Public works director Rich Lorenz said earlier that negotiations with property owners, including the Demmon Family, owners of a 200-unit multi-family apartment complex on Folsom-Auburn Road, had not resulted in a final agreement, necessitating the start of eminent domain proceedings.

"We are at a point where we have not reached a final agreement with either property owner," said Lorenz, adding the city had received a counter offer from the Demmon family that day.

Purchase offers to both parties went out in June.

Lorenz told the Telegraph on Monday that future negotiations with the property owners could still occur.

"Some property owners want to let the process work itself out in the courts," he said. "We would prefer to work with the property owners to reach an agreed upon arrangement."

Belzer indicated during the Sept. 12 meeting which direction his clients may be leaning.

"I don't know what I'd do if I were sitting in your seat," he told council members. "I may adopt it and let the court deal with it."

Whichever way it goes, Lorenz said the project remains on the fast track for completion by 2008.

"We can go either way and keep the project on schedule, but we would prefer to work with the property owners," he said.

The city needs to acquire 5.86 acres of the Cardoso property to realign the intersection of East Natoma Street and Folsom Dam Road, and 9,564 square feet of land traversing the northeast portion of the Demmon property.

The latter will facilitate the construction of a new sound wall. A city staff report says the right of way acquisition at the Demmon property will not directly impact any of the existing apartment structures.

The city is also set to acquire 14 acres of state land located mostly on the grounds of Folsom Prison, following Gov. Arnold Schwarzenegger's signing of a bill authorizing the state Department of General Services sale.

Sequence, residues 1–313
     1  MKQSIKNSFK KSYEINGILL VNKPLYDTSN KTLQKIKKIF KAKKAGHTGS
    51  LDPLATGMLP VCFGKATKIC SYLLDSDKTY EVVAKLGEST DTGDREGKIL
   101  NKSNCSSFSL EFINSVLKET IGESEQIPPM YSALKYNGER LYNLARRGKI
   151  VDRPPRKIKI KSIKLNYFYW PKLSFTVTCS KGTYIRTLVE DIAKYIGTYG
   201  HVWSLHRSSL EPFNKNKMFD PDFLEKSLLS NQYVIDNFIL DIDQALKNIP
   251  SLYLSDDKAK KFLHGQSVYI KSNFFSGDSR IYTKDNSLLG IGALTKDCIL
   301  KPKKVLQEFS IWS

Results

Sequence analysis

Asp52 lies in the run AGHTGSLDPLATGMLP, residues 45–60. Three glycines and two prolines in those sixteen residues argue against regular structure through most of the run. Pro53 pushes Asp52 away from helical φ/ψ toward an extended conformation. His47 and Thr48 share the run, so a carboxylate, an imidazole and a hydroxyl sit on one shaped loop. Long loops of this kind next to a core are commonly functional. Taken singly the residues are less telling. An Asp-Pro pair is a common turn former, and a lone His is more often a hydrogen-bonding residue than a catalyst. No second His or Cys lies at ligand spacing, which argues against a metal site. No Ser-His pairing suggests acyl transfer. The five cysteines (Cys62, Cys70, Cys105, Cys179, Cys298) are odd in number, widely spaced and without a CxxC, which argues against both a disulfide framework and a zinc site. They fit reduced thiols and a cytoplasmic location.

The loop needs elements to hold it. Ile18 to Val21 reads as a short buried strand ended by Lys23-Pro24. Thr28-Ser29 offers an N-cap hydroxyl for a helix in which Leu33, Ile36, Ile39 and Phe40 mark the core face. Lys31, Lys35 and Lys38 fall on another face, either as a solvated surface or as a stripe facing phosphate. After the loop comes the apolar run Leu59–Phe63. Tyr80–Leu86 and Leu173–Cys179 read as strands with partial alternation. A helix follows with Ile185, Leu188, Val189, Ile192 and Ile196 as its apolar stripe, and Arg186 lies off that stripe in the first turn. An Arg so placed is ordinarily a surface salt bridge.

The bridge project became a priority for the city and the region in 2003, when the U.S. Bureau of Reclamation closed Folsom Dam Road citing national security reasons.

According to the city, the closure has resulted in increased congestion, business disruption and closures, increased traffic accidents and stressed the existing emergency services infrastructure.

Even with plans to reopen the road for "restricted access" as part of the project to raise Folsom Dam 7.5 feet and improve flood storage capacity behind the dam, a permanent bridge is still seen as a necessity.

Folsom CA Telegraph: http://folsomtelegraph.com

Don’t Condemn Me: Knoxville TN Metro Pulse, 9/21/06

Officials discuss the likelihood of exercising eminent domain along the South Knox waterfront

By Mike Gibson

City Councilman Joe Hultquist doesn’t foresee problems with specific property owners in the South Knoxville waterfront redevelopment zone, but he does believe the city would be remiss if it didn’t remain open to the possibility of acquiring property via eminent domain.